We wanted to know what Hannah's favourite seasonal flowers were...
"For spring, bridal crown, grape hyacinths and tulips.
For summer, dahlias and again, tulips (or anything from my cutting garden like alliums and foxgloves).
For autumn, whatever the garden has left to offer like chrysanthemums and amaryllis.
For Christmas, paper whites.
And for all year round, hydrangeas."
She shared some of her cherished tips for bringing flora and fauna to everyday life.
"A garden table can be elevated with a basket of flowers in the centre. Flowers in the bathroom is such a luxury so I choose geraniums with their rich leaves and love for warmth and moisture. Tulips are divine in a bathroom too but generally I think they work better downstairs. Flowers as a centrepiece on an indoor dining table is something we all know, but I like to change the way I do it every time we have guests. I don't think a centrepiece has to always be just one big vase. We had friends over at the weekend and I did a long line of vintage glass bottles with five stems of long, tall tulips inside. Another time I did reclaimed terracotta pots with trailing grape hyacinths and moss spilling out. There's so much you can do. Oh, and I love to place nemesia vanilla lady by the back doors so you smell it as soon as you come inside."
Onto flower arranging.
"Firstly, colour. You need to think not just about what colours you like, but ones which your room will like too. Next I think about seasonality, using flowers that are so true to the season you're in. This is a lovely thing to consider with faux flowers too. Greenery is hugely important. I like eucalyptus, euphorbia and artichoke leaves for life-like stems and soft moss in pots for real blooms. Flowers, real or life-like, need foliage. Height. Varying height makes your arrangement feel much more natural; it gives the bunch flow. Finally, what you choose to display your flowers in (or plants for that matter) will completely transform your piece. Voluptuous vases are fantastic but what I adore the most are dramatic urns that I pick up from antiques markets. Our house is filled with them. They're just a little unexpected.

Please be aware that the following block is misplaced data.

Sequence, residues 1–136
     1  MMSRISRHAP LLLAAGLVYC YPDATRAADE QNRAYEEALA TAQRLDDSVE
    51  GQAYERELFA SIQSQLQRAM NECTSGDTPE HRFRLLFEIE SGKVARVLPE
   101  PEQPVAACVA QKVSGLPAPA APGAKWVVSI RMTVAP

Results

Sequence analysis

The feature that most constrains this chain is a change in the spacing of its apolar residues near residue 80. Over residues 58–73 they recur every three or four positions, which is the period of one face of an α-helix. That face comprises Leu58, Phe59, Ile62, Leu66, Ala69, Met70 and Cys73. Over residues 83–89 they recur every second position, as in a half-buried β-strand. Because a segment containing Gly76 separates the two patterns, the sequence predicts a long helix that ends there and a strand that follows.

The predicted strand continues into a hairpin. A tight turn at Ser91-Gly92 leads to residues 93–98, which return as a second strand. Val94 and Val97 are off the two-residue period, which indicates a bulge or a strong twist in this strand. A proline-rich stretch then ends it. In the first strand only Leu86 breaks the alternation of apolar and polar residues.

And when you're doing a bouquet, always lay your flowers flat on a surface, but at an angle so they naturally fan out. Never do them straight. Alternatively, hold the bunch in your hand and gradually add to it, piece by piece, feeding the bouquet as you go. Whichever way you feel most comfortable with."
And the future?
"I would love to work with flowers in a more creative way again, I really would. We'll see. For now, knowing that I'm creating a home that's warm from the moment you come in is enough. My children's paintings, crumbling urns of home-grown flowers everywhere, meals cooked with ingredients nurtured in our own soil, they all welcome people in, and that's what I really want."
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